I’m a 43-year-old woman in my second marriage with a man who’s also on his second marriage. We are both determined to make this marriage our last! We have a scheduled date night. We make sure sex happens weekly. I’d like to know whether there are other things we can do to keep from walking down the aisle a third time. — Hopeful In some marriages, somebody could lose consciousness and it wouldn’t be all that noticeable. Date nights are good for keeping the marital jets firing, as is having sex weekly, but regular dates and sextivities don’t change how being married is like subscribing to Netflick. No, my copyeditor isn’t day-drinking, and yes, I mean “flick.” Netflick would have only one movie, and you and your partner would be forced to watch it every night of your life together…until one or both of you shrivel up and die of boredom or start dialing jackals with law licenses (aka divorce lawyers). What can help is making your married life more like single people’s lives – uh, in ways that don’t remodel your vows into something more along the lines of suggestions. In a New York Times op-ed, social historian Stephanie Coontz explains, “Single people generally have wider social networks than married couples, who tend to withdraw into their coupledom.” Though marriage “can provide a bounty of emotional, practical and financial...

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The Advice Goddess

Bare Tracks 
My boyfriend asked me for nude photos of myself. I reluctantly sent him one. I feel very uncomfortable about sending it and I don’t want to send more – though sending naked pics now seems very common. Am I paranoid? — Online Privacy Fan Unfortunately, “online privacy” is one of the more absurdo oxymorons – a contradiction in terms on the level of “planned spontaneity,” “working vacation,” and my favorite: “civil war.” (The warring factions yell, “Thank you!” and “No, thank you!” across the trenches until more people pass out on one side than the other.) Digital-world technology has made our lives vastly easier, more efficient and more fun, but it can also cost us big-time – on a scale previously unseen and even unimaginable throughout human history. Back in the Middle Ages, no one had to worry about some brainy malcontent hacking their “cloud” and releasing all their nudie shots to the Global Village. At worst, one other person might come upon a lone sketch of them in a state of undress or maybe a few slutty etchings. In other words, you are far from unreasonable to say no to sending any further nudiepix, and it would not be unreasonable to ask your boyfriend to delete the one you sent him (explaining your privacy concerns). That said, he might find that request unreasonable, vis-a-vis how common it is...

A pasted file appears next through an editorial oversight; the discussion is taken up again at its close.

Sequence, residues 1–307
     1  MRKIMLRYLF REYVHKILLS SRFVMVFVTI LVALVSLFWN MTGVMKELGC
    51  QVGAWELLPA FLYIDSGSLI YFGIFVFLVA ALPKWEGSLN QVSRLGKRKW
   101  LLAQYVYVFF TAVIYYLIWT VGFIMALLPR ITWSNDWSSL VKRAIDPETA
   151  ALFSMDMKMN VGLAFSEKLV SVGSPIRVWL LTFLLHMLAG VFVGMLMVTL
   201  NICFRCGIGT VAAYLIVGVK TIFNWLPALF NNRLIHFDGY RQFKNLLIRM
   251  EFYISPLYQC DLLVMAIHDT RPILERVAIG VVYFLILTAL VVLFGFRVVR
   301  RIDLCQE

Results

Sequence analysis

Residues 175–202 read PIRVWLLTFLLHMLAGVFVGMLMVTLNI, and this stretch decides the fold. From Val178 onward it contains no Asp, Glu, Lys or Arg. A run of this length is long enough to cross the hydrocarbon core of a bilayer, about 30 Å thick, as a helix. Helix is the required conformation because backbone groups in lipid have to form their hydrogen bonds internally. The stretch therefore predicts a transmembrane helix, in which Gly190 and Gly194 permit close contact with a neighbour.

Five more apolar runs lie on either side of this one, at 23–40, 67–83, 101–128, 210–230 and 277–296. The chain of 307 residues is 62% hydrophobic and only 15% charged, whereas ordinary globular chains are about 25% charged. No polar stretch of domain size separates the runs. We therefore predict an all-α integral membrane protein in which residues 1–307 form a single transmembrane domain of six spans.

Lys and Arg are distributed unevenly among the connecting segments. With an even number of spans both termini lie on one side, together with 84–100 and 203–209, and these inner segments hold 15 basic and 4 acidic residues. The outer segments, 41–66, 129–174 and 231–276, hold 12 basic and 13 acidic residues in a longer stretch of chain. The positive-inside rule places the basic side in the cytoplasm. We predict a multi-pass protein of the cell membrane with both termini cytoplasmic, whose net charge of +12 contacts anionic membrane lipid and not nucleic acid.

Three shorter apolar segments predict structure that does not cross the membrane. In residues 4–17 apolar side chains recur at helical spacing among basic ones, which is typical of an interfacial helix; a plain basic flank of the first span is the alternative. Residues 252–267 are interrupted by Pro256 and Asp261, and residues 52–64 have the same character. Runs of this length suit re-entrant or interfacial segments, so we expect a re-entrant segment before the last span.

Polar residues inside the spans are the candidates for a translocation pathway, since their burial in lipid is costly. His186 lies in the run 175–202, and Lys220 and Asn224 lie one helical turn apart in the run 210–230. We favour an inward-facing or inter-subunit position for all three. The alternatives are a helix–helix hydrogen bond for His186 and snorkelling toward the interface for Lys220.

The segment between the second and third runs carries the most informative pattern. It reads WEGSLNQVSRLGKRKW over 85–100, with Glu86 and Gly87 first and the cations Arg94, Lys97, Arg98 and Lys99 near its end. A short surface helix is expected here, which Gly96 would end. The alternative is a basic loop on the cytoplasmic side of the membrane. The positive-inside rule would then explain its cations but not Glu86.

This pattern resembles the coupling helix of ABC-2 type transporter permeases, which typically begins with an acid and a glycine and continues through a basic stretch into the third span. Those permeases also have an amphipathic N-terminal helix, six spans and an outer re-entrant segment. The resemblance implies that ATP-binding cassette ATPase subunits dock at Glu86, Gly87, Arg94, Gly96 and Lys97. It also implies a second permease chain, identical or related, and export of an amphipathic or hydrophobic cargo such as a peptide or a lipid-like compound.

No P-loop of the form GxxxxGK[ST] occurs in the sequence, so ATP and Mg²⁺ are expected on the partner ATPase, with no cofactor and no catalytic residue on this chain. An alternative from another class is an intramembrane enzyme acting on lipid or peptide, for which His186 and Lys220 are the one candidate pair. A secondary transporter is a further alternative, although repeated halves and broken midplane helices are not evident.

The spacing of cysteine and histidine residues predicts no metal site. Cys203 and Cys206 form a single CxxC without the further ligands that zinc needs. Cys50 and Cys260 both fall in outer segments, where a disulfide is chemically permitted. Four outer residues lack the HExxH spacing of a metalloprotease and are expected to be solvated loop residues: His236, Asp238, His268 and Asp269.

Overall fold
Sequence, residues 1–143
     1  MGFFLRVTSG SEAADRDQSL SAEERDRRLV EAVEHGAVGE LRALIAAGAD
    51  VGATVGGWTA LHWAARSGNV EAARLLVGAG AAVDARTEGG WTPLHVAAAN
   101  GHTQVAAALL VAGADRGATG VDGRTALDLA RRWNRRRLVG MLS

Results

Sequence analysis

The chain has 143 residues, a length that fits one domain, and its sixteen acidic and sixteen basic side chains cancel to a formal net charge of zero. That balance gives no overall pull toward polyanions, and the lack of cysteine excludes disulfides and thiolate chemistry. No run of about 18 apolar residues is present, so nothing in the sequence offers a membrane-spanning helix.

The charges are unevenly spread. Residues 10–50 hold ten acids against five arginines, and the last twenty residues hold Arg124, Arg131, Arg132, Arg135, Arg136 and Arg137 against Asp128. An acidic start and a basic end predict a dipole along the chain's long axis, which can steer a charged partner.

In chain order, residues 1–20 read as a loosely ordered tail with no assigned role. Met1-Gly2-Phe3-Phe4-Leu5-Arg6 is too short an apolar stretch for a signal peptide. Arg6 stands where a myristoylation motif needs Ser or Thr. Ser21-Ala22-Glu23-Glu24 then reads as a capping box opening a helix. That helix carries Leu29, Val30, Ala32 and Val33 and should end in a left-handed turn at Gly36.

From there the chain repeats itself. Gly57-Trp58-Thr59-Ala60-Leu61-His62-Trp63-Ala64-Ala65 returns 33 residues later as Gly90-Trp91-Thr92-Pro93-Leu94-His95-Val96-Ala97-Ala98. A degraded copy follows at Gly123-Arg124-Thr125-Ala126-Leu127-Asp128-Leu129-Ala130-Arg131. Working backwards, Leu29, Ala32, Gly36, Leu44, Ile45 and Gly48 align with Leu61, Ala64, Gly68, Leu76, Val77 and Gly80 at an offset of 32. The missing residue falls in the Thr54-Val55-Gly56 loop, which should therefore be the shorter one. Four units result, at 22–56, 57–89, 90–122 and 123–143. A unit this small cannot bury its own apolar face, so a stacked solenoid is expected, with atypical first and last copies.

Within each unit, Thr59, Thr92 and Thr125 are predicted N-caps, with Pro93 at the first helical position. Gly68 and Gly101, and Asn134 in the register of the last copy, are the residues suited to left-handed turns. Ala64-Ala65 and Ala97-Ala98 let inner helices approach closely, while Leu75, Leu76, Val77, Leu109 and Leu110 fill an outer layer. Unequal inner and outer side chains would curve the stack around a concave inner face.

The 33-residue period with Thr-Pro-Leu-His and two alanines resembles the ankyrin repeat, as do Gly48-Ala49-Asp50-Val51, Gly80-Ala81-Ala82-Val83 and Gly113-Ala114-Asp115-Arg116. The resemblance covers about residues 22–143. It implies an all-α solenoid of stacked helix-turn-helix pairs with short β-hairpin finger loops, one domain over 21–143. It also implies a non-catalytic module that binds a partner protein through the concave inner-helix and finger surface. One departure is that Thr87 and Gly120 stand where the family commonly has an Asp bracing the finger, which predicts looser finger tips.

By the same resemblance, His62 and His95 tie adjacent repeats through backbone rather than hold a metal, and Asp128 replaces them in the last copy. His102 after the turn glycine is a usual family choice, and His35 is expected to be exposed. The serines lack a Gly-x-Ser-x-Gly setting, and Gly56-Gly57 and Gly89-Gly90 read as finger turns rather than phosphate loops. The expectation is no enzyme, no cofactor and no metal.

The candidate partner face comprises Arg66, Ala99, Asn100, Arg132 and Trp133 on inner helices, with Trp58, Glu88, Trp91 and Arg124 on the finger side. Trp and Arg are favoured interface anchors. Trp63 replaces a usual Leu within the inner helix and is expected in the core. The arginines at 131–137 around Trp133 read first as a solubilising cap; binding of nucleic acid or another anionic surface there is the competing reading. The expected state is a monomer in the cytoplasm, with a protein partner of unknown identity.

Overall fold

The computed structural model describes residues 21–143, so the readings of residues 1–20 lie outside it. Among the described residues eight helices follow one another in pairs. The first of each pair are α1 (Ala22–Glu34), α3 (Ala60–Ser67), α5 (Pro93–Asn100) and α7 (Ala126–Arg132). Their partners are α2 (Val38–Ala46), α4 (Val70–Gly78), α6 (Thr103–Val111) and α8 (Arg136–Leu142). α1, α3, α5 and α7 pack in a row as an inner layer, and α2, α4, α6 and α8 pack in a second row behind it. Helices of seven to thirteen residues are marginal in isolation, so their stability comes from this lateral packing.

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The Advice Goddess

Venus Envy 
I got a boob job two years ago. My best friend, seeing the results, wanted one, too. When she realized she couldn’t afford it, she started making snide comments about women who get them. Recently, a guy was hitting on me at a party, and she started flirting with him and asked, “Do you think I need a boob job?” and told him I’d gotten one. I was shocked. I’d like to say something to her, but she’s the louder part of my friend group, and I’m unsure how. — Disturbed Self-defense for men is karate or maybe Krav Maga. For women, it’s ducking mean remarks. Many people have a romanticized view of women as the sweet, ever-nurturing “better angels of our nature.” That’s a major myth, but it continues to have traction due to the nature of female rivalry, which is much like slow-acting poison gas. (It’s often hard for a woman to recognize she’s been dosed…till she’s writhing on the floor like a goldfish sucking in its last desperate breaths.) While from boyhood on, guys tend to relish competition and are openly aggressive (like when one socks another in the jaw), psychologist Anne Campbell describes female aggression as “indirect” and “covert” (sneaky and hidden). She believes women evolved to compete this way to avoid physical harm that might have damaged their ability to have or...